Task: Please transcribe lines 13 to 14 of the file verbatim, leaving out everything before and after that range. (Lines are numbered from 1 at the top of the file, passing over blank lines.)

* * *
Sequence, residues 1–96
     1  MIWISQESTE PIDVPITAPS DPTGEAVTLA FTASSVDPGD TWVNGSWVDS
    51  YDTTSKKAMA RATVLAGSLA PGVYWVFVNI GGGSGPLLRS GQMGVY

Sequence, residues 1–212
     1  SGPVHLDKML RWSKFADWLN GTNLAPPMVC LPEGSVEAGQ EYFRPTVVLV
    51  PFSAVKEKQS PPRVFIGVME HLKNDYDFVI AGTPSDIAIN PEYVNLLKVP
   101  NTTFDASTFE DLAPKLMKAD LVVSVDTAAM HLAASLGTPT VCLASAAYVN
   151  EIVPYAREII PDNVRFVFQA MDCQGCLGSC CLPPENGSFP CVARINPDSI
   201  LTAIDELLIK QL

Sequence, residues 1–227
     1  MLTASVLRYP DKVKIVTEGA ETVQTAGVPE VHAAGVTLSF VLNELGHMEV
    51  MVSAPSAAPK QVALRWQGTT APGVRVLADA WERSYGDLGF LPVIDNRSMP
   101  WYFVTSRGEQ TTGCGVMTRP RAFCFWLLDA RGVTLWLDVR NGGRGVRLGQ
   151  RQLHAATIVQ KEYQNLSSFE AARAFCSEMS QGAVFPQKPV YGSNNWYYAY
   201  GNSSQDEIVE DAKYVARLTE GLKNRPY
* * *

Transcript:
   101  WYFVTSRGEQ TTGCGVMTRP RAFCFWLLDA RGVTLWLDVR NGGRGVRLGQ
   151  RQLHAATIVQ KEYQNLSSFE AARAFCSEMS QGAVFPQKPV YGSNNWYYAY